Yesterday’s post was about how to make dulce de leche without risking a minor kitchen explosion.
Now that you have it, what do you do with it? Look at the picture. Bread pudding filled with chocolate chunks. And then crowned [if not quite drowned] in the dulce de leche. This is a wonderful fall or winter party dessert. Your guests will be awed. The meal will end on a sugar high. And you won’t care what anybody thinks.
The secret to great bread pudding is great bread. And, all credit due, Suzen makes challah every weekend. Pillowy, rich challah that can be eaten on its own but truly deserves the glorious endings of French toast or bread pudding. If you can make your own bread. If you can’t do that, then find a neighborhood bakery where the smell is intense and the freshness is guaranteed.
Dulce de Leche and Chocolate Chunk Bread Pudding
Yield: 8 to 10 servings
- 1 1 ½ pound loaf egg bread cut ½-inch-thick slices, crusts trimmed, cut into ¾- to 1-inch cubes
- 4 tablespoons (1/2 stick) unsalted butter, melted, divided
- 2 ¼ cups heavy whipping cream
- 1 cup dulce de leche sauce [see yesterday’s post for homemade!] plus more for serving
- 4 large eggs
- 2 large egg yolks
- 2 tablespoons dark rum
- 1 teaspoon vanilla extract
- Pinch of salt
- ½ cup (about 3 ounces) bittersweet chocolate chips
- 2 tablespoons sugar
- Powdered sugar
Preheat oven to 350°F. Place bread in large bowl. Drizzle with 3 tablespoons melted butter toss. Brush 11x7x2-inch glass baking dish with 1 tablespoon melted butter.
Stir whipping cream and 1 cup dulce de leche in medium saucepan over medium heat until blended and bubbling. Remove from heat. Whisk eggs and yolks in large bowl. Add rum, vanilla, and salt; gradually whisk in warm dulce de leche mixture. Stir in bread cubes. Let soak 30 minutes, stirring occasionally.
Mix chocolate chips into custard mixture. Pour into prepared dish. Sprinkle with 2 tablespoons sugar. Bake pudding until puffed and set in center, about 35 minutes. Let cool 15 minutes. Dust with powdered sugar.
Serve warm, passing more dulce de leche topping alongside.
Source: Jill O’Connor in Bon Appetit, March 2008, available at www.epicurious.com
The explosions began in Mexico decades ago. They have spread north. First in the Southwest but now across the country. It has to stop.
No, no, I’m not talking about the drug cartels. I am talking about dulce de leche, that marvelously brown, gooey, rich syrup made from sweetened condensed milk. It is a staple of South American cuisines and in ethnic markets you can buy it by the jar.
But, but, that’s a jar that could have been on the shelf for months, or maybe a couple of years. The stuff could probably survive a nuclear war. The price of the jar should not be measured in dollars but in quality. You need fresh, homemade. There is an elegance and quality to freshly made dulce de leche that is unsurpassed.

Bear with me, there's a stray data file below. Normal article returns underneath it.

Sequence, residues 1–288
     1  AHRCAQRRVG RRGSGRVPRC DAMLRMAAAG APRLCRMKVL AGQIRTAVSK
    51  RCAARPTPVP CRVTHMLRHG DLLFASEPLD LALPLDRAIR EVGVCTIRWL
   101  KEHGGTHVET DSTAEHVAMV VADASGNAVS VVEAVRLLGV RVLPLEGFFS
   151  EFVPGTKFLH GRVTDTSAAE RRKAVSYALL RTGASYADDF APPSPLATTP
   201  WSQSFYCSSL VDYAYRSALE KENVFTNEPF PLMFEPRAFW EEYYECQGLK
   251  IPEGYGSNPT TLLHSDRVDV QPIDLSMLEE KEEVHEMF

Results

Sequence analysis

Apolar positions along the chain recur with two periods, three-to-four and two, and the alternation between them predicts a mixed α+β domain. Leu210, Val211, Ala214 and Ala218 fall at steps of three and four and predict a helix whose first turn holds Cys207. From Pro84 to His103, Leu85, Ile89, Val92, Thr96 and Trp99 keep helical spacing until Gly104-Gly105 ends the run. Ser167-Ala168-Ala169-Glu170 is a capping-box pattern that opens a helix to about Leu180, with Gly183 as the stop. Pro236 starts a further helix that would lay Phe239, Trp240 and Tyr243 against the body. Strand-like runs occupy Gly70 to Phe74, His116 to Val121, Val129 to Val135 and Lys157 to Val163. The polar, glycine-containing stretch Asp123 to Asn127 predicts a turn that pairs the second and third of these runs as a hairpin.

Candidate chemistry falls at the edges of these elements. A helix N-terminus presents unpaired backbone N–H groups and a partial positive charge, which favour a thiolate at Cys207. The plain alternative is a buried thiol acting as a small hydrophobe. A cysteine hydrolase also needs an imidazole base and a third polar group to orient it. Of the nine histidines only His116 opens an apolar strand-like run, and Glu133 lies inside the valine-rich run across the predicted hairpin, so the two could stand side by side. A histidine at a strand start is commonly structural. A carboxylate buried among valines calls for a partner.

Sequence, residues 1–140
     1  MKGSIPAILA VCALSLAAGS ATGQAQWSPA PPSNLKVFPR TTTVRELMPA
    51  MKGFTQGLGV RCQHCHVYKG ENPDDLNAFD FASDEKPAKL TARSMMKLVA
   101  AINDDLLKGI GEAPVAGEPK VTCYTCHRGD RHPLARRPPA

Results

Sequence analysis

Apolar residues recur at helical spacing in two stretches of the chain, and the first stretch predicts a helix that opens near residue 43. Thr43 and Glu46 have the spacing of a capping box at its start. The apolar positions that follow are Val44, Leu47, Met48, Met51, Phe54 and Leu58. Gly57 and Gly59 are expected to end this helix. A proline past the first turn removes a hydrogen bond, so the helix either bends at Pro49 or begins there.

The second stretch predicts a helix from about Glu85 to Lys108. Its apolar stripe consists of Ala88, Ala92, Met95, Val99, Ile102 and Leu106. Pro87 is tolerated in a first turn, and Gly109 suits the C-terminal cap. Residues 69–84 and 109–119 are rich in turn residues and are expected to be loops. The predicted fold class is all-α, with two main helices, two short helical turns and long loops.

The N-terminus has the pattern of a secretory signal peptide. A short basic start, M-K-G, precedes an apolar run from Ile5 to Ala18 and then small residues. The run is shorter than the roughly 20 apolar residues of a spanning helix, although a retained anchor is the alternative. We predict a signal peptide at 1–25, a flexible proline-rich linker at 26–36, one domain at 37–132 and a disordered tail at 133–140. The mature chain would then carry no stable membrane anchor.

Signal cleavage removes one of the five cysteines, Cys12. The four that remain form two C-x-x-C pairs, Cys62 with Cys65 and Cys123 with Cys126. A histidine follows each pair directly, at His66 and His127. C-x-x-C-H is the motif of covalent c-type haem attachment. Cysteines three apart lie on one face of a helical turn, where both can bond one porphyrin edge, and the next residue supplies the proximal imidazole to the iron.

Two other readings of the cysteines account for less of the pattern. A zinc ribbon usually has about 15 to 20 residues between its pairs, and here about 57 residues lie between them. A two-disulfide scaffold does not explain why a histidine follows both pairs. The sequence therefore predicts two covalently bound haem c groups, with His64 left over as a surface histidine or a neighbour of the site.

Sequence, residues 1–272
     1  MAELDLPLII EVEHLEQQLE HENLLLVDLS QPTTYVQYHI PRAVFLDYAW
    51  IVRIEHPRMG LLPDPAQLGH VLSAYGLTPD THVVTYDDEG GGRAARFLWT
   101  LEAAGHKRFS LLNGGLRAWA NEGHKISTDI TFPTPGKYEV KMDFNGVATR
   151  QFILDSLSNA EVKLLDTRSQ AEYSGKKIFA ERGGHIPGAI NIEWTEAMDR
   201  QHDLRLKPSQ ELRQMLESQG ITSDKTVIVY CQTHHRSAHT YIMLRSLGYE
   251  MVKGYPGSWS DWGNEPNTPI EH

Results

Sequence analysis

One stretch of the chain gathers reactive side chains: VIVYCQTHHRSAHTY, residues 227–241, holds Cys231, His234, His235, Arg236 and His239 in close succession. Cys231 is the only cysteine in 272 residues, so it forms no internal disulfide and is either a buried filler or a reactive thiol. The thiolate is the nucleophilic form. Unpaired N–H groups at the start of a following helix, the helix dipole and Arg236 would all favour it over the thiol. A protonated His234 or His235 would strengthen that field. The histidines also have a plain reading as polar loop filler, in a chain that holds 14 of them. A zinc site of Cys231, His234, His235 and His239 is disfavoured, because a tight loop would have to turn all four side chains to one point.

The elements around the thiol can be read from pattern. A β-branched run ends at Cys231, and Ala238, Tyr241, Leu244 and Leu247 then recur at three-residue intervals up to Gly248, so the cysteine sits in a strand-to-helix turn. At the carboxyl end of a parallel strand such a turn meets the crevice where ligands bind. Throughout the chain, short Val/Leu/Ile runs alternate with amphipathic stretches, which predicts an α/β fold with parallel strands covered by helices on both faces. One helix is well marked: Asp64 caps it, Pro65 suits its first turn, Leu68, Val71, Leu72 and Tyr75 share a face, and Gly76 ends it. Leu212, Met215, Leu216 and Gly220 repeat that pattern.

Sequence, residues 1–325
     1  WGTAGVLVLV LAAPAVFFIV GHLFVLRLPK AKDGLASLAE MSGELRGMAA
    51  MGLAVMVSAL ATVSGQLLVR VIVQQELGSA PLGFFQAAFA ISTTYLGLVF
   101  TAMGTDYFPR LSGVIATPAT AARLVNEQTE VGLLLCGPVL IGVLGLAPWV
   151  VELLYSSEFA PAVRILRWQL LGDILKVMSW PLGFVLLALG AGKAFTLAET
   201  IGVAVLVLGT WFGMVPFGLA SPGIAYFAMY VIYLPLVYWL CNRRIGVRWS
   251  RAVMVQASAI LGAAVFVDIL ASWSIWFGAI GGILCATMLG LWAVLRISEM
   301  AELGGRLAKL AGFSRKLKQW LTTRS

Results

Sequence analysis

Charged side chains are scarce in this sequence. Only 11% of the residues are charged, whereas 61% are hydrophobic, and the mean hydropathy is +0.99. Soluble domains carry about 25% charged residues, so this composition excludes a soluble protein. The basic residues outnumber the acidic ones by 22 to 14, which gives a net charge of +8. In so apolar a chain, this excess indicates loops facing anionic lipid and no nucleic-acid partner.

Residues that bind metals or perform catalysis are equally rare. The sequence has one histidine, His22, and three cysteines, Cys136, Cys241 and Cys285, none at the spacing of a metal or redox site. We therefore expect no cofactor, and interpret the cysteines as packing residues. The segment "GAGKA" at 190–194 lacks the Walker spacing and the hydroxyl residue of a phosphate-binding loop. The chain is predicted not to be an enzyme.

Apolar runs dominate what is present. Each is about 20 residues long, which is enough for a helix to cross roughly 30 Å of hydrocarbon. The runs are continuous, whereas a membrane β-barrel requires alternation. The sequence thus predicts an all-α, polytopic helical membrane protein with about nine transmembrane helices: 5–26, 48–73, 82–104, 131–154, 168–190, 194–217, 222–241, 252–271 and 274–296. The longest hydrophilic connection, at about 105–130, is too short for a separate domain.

Now, the explosions. One common preparation technique has been to put an UNOPENED can of sweetened condensed milk in a saucepan. Cover ENTIRELY with water. You turn on the heat, bring to a boil, then simmer for 3-4 hours. That method works. A lot of the time. But there are cases where the can explodes under pressure. It’s dangerous: metal fragments and hot liquid. Even if you are unscarred, your kitchen will require some rehab.
There will be a couple of recipes posted this week that call for dulce de leche and we want the velvet wonder of homemade. What to do?
Google. And you find the site wikiHow and this article:
The article is very comprehensive, with options about how to do the actual cooking. Want to do it in a saucepan? Here’s the trick. Put two small holes in the top of the can of sweetened condensed milk. Put the can in a saucepan but, of course, do not submerge the can in water. Fill the water up to within 1” of the top of the can. Turn on the heat, bring to a boil, then simmer. You’ll need to refill the water over time.
The cooking time depends on what you want: 3 hours for a soft version, 4 hours for a darker deeper version. Once you are done cooking, empty out the can into a bowl. The top of the can will be more fluid. At the bottom of the can, the contents will be darker and much more viscous. Just get it all into a bowl and whisk. Refrigerate until use.
This particular article is great because it offers other ways to do the cooking:
- · Double boiler
- · Microwave
- · Oven
- · Pressure Cooker
- · Slow Cooker
Suzen and I have not tried these options, but we will get around to it. The major differences among the methods are the cooking times, ranging from about 30 minutes total for a microwave to 8 hours for a slow cooker. Okay, that’s why it’s called a slow cooker.
This stovetop, saucepan technique works so well for us that we are very satisfied. Eventually we’ll experiment. For now, all I want to do is lick the spoon.